In the end, he'd got the worst of both worlds.  Hadn't finished anything.  Had broken everything.

There are reasons he doesn't like guns.

"Diana told you we had a name," Peter says, and Neal nods.  That, at least, is automatic.  Talk about the case.

"Julian Larssen."

"We get him, we can flip him on someone higher up in the food chain," Peter says, which both of them know.  "What are you going to do when we find the person responsible for this?"

When, not if.  Neal shrugs.  "I'm not going to pull a gun on him, if that's what you're worried about."  And it's strange how aware he is that the question assumes something he's not sure of, now: whether or not he'll be behind bars when the person responsible is found.

"That's not what I'm worried about," Peter surprises him by saying.  Then, after a moment, "...not entirely."

Neal ducks his head, just momentarily, to acknowledge the sheer scope and variety of things Peter could be worried about.  "That I'll go off reservation again?"

"That's a mild way of putting it," Peter confirms.

"I'm sorry," Neal offers.  And he is, though he can't tell if he's sorry that he ran off to put his own plan in motion or just sorry that he screwed it up and got Peter hurt.  Peter would probably like him to be sorry for both, if he even saw a distinction.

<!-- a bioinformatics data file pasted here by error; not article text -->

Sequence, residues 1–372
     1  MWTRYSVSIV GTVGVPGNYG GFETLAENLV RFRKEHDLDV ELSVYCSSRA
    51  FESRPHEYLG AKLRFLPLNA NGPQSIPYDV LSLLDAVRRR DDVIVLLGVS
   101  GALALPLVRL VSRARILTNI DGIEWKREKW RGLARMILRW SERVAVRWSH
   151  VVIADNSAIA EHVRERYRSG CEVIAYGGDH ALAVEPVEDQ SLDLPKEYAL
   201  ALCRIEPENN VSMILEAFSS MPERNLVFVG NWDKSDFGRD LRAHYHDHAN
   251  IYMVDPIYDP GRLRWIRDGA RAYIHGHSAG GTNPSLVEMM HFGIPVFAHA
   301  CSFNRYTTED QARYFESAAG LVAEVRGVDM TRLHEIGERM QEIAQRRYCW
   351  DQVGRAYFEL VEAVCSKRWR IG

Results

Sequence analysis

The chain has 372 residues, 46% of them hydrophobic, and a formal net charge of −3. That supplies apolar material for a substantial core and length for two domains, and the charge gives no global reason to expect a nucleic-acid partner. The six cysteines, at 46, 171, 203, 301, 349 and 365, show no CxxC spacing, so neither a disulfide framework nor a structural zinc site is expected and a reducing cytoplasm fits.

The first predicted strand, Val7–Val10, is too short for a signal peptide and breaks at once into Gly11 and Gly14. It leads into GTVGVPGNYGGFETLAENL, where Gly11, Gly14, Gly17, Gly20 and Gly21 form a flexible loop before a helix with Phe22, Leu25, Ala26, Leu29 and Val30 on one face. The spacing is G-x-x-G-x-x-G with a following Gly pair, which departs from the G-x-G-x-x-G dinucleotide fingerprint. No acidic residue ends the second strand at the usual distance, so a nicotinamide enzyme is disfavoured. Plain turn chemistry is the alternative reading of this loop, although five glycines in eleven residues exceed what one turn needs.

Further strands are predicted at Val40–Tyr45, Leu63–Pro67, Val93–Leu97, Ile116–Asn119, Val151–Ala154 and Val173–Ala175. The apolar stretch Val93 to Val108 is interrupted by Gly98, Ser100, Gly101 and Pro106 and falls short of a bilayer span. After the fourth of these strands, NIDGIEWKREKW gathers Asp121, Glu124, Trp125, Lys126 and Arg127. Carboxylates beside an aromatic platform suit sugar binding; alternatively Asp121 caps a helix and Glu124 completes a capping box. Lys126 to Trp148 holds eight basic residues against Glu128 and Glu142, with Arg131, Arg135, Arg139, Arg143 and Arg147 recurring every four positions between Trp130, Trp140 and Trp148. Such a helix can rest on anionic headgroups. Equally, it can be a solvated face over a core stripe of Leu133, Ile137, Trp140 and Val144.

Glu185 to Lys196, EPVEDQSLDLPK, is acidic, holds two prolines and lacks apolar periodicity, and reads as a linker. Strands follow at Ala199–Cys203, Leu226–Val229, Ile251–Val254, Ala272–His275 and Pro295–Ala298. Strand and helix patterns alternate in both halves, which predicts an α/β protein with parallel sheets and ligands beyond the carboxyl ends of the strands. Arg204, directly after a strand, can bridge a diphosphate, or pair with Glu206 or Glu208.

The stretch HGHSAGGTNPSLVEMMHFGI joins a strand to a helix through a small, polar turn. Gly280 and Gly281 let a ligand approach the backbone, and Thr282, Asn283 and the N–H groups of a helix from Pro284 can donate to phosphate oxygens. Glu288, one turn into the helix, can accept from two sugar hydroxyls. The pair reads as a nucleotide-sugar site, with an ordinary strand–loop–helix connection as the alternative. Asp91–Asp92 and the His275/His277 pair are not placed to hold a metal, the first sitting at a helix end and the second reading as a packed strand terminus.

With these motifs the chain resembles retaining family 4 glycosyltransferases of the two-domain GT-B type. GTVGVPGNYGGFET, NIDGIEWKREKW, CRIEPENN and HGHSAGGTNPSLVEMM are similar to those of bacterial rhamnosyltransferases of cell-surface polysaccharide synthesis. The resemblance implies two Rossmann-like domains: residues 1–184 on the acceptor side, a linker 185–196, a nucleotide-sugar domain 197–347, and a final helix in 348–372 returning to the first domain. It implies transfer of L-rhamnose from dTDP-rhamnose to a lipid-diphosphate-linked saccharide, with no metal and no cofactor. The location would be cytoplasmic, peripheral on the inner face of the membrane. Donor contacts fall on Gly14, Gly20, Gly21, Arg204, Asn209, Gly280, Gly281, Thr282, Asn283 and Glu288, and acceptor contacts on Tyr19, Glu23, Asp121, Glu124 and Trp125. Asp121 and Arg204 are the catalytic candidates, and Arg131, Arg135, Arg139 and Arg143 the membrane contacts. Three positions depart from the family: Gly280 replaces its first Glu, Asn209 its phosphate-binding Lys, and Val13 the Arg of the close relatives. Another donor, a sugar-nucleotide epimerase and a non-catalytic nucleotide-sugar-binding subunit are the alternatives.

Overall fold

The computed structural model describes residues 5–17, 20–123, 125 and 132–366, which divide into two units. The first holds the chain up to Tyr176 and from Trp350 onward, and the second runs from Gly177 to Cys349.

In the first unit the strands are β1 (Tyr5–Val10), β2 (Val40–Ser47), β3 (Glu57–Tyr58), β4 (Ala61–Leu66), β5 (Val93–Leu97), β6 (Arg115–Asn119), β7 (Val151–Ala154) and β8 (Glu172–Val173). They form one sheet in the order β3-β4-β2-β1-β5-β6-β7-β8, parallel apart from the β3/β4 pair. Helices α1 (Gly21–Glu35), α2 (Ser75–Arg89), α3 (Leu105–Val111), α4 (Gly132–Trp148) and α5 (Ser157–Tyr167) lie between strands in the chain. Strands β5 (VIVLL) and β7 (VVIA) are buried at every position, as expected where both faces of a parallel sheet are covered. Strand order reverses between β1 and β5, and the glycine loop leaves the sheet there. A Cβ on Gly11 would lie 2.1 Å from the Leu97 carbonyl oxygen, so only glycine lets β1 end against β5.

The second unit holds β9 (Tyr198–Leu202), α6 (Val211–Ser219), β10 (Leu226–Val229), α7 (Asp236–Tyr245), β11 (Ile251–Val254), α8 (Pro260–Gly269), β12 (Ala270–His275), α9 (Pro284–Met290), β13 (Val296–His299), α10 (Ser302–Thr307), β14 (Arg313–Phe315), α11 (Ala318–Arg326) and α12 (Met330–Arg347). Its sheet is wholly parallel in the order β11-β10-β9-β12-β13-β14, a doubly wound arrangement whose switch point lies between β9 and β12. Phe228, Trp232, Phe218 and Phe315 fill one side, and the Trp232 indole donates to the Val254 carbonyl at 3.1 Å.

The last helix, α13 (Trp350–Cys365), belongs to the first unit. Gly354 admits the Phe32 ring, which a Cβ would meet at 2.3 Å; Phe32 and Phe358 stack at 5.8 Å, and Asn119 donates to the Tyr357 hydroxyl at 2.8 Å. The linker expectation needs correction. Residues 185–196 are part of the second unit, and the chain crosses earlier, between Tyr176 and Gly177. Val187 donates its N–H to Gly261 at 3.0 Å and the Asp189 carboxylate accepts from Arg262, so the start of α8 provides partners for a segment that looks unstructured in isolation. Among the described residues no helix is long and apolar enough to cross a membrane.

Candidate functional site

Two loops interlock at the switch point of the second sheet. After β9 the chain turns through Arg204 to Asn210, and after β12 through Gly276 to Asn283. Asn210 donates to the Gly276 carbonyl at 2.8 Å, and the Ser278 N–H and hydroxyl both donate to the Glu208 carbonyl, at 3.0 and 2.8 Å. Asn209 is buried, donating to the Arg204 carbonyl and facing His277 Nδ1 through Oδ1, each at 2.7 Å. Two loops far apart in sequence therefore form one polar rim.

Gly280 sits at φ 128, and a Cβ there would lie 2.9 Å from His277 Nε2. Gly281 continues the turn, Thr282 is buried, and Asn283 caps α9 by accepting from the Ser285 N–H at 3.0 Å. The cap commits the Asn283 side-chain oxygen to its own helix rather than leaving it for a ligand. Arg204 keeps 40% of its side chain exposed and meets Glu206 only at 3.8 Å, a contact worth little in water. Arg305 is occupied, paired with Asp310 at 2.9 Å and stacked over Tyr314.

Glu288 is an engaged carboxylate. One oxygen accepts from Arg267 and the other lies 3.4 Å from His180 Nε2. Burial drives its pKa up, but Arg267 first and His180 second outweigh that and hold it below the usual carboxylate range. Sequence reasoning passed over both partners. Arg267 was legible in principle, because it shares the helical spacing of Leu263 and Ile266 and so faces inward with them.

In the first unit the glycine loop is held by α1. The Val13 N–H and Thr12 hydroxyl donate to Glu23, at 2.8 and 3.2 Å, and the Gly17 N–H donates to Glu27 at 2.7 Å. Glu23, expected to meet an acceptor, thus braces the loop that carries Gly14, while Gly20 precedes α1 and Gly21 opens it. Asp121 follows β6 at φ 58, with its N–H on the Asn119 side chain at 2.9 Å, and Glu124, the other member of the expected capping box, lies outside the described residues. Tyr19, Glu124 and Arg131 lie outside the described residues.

But that's the thing.  They are distinct, and for all that Neal knows Peter is disappointed when he falls back on the con, the con is still a damn good way to get things done.  It's his skillset.  His instinct.  It would make about as much sense for him to feel guilty for breathing.

Over the course of his life he's learned a lot of things, and foremost among those is that if you find something that works, you employ it.  Being a part of Peter's life is like having a panoramic view into some strange other world where trust can be a fact of existence instead of a commodity; where people walk around with obvious cares and vulnerabilities, all vulnerable to exploitation, and don't think too much about that; where the right thing to do can fly straight in the face of self-interest, poetic justice, and common sense.

He's not made for that world.

"You scared us," Peter says.